Sunday, July 14, 2024

People continue to express concerns about City Pool

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The swim team met with city officials to discuss their concerns and to resolve differences last week. Meanwhile, community members continued to express concern about pool operations on Facebook, with a post in the Leavenworth Facebook group getting 71 likes and 62 comments.

The post by Derick Kuch expressed in part: “Only 1 open swim spot... am I the only one irritated about this? Do they really think more people come to swim laps then would enjoy the pool? There is absolutely nothing in Leavenworth for kids to do besides 2 hours a day for the pool?”

With limited hours and staffing issues, it has been hard for the pool to meet everyone’s demands. Swim team leaders say they would like to get their practice hours while other community members want more time for open swim or better times of day for lap swim.

Christie Voos, Communication Analyst for the City of Leavenworth said that the meeting between the swim team and city went well, and the two groups were able to get on the same page about a lot of things and figure out how to communicate better in the future. She said that all the boxes were checked for the swim team to continue with their season.

Nationwide, pools are having difficulties opening, including those close to home. The Wenatchee pool announced that a boiler failure on June 13 could shut down the pool for the summer, however the pool is still expected to reopen if a temporary repair to the boiler holds up, according to the Wenatchee World.

One-third to half of pools nationwide are expected to be affected by a hiring shortage, according to CNN. With the past two summers of the pandemic limiting swim team and lifeguard training, there are less certified lifeguards who can work.

Coal Fiano, son of swim team president Hailey Fiano, is a swim team member and works as a lifeguard. He said that he has been in the swim team for about ten years and that it has really improved his swimming skills. Fiano worries when he sees kids at the river who aren’t good swimmers.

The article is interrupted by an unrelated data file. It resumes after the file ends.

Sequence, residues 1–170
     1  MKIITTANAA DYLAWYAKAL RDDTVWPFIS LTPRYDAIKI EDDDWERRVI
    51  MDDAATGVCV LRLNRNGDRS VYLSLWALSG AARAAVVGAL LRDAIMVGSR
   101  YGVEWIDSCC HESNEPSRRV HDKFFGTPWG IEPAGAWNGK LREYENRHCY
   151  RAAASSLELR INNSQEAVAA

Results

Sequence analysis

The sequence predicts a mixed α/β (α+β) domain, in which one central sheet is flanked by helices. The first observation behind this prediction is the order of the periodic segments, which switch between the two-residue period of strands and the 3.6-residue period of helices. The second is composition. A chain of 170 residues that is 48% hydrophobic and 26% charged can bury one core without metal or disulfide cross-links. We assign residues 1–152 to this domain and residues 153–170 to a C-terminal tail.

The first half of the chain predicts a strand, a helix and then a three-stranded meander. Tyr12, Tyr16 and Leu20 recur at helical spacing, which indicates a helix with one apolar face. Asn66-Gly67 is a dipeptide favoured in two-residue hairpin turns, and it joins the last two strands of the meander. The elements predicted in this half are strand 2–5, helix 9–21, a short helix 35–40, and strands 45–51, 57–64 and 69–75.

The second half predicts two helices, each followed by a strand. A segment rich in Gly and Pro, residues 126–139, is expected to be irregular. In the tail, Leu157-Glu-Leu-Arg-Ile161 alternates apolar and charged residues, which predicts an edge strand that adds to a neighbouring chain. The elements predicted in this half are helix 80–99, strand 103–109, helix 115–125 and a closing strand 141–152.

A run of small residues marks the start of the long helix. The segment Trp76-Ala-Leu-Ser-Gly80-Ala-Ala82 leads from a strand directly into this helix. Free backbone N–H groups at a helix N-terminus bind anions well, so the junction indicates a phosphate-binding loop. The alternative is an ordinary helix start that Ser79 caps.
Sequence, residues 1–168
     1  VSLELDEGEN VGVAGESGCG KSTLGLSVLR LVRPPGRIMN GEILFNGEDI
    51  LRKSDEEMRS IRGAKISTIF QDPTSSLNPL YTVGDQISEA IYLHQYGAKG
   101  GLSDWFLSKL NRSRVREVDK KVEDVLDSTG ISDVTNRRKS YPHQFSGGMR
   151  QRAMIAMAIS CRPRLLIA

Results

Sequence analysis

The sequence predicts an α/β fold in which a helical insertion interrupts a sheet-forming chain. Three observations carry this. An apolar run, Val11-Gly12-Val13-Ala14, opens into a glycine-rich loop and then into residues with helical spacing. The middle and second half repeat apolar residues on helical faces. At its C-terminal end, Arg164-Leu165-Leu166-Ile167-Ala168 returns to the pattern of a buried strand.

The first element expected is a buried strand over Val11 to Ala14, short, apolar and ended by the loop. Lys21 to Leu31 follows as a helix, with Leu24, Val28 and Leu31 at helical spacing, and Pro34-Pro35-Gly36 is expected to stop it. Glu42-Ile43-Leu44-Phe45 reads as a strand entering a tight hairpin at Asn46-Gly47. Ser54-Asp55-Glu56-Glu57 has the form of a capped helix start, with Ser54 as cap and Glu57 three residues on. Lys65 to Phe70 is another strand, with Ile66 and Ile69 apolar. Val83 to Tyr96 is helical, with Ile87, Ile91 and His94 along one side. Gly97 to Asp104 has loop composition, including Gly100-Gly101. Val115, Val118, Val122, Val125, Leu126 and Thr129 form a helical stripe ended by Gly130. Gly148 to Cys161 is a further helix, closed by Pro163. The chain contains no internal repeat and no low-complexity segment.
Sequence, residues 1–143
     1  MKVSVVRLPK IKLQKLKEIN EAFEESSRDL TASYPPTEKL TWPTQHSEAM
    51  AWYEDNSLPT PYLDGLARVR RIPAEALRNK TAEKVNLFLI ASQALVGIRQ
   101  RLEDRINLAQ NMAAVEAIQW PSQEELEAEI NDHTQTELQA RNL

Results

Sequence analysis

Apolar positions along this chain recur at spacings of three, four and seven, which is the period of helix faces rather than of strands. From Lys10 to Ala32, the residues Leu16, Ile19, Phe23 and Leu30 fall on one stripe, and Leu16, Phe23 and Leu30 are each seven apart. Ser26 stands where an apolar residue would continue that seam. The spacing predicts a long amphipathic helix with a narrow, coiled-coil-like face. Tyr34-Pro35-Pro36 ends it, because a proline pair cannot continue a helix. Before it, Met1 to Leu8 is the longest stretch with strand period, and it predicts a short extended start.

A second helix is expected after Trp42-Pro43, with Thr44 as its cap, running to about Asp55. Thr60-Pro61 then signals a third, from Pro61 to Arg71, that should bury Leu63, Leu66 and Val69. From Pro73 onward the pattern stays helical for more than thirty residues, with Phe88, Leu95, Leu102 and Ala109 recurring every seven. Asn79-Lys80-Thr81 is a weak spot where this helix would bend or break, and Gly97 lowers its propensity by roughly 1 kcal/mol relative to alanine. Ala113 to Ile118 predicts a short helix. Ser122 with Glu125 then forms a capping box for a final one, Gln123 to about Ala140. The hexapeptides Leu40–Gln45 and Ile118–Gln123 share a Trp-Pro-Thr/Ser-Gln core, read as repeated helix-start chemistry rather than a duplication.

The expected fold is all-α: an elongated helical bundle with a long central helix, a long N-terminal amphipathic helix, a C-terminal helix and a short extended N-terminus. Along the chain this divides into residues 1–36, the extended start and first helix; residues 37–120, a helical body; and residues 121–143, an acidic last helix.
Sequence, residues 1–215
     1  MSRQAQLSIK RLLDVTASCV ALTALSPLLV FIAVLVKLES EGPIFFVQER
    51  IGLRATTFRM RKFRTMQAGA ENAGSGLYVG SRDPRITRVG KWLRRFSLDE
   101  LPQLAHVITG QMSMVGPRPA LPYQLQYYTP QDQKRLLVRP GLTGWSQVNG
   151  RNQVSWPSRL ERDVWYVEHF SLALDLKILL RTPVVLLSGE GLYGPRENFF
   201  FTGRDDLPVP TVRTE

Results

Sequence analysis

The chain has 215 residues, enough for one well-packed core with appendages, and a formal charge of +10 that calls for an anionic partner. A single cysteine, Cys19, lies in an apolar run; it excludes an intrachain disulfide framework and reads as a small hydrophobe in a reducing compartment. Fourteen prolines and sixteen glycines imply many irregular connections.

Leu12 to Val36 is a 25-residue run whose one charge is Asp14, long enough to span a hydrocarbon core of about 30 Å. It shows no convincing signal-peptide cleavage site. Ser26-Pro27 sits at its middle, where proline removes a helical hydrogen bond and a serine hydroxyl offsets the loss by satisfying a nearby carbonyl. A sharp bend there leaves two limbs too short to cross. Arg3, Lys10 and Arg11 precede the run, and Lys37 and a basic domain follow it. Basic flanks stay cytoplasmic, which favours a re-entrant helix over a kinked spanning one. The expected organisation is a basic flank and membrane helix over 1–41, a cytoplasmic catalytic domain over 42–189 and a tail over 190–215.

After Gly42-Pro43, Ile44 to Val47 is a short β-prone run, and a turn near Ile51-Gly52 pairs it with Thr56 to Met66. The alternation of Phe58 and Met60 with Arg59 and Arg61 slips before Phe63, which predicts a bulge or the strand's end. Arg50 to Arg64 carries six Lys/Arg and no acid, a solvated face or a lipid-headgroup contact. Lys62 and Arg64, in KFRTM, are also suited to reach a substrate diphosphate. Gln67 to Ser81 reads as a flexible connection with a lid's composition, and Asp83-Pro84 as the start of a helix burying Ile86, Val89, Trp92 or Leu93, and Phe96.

“A couple years ago my brother tried to swim across the water, and I really didn’t want him to because he really wasn’t that strong of a swimmer then,” he said.

Fiano said that it is annoying that he must do the swim test everyday “because I pass it immediately. It's very pointless.” He said that waiting in line for the swim test takes five to twenty minutes and that he wished the pool was open more hours.

Swimming is Fiano’s favorite and “only” sport.

“I’m not very good at running,” he said, “Swimming is easier to do but it requires a lot more. It requires a lot more work… swimming you are always in the water, so you are always cool.”

Leora Aurilio, nineteen-year-old Leavenworth resident and daughter of city councilmember Marco Aurilio, said that she used to go to the pool every day when she was younger. She expressed her concerns at the city council meeting because she felt that the pool was not serving the community as well as it could.

Aurilio said that she no longer goes to open swim because with the limited hours and broken diving board it has lost its appeal. Further, she is busy during the limited hours that the pool is open. If she had the time, Aurilio said that she would consider being a lifeguard, but she already has another summer job.

“We do live by a really dangerous river. And I think it’s vital that every kid learns to swim, and the swim team provides a fun way to become a good swimmer,” she said.

Aurilio feels that the city council did not move early enough to try and get swim team and the pool started.

Voos says that it is not true that the city has not been listening to community members' concerns about the pool nor is it true that the city does not care. Many of the issues that community members wish would change are logistically difficult for the city to implement.
“I think there is an idea that we are not supportive of swim team or the pool and that’s just wrong. Because we are,” Voos said. “Our mayor actually got our legal counsel in touch with [swim team’s] insurance company to make sure everything was right, and we got the documents, and we had a backup plan.”  

Staffing issues limit the pool’s ability to expand hours, open on the weekends, or have more swim lessons. Voos said that the city is working towards being paperless so people can sign up for swim lessons online, but that it can be a slow process for cities to go paperless.

Voos said that it is difficult to answer whether the pool can give kids some sort of pass so that they don’t have to test every day in the future. Different pools have systems like wristbands that allow kids to not have to retest, but those systems are not foolproof, Voos said.

She said that safety is the first priority for the pool. That is why they have three lifeguards at a time and why coaches cannot be lifeguards during swim team, since lifeguards just need to focus on being a lifeguard.

Voos said that the city is still recruiting certified lifeguards and looking for people with weekend availability. At the beginning of the season, the city had the time to train more lifeguards, but they currently do not have the time to train uncertified lifeguards.

With limited lifeguards and hours, it will continue to be difficult to balance the needs of everyone in the community, Voos said, but the city is hoping to hire new lifeguards and expand services.

swim team, swimming, city pool, E26

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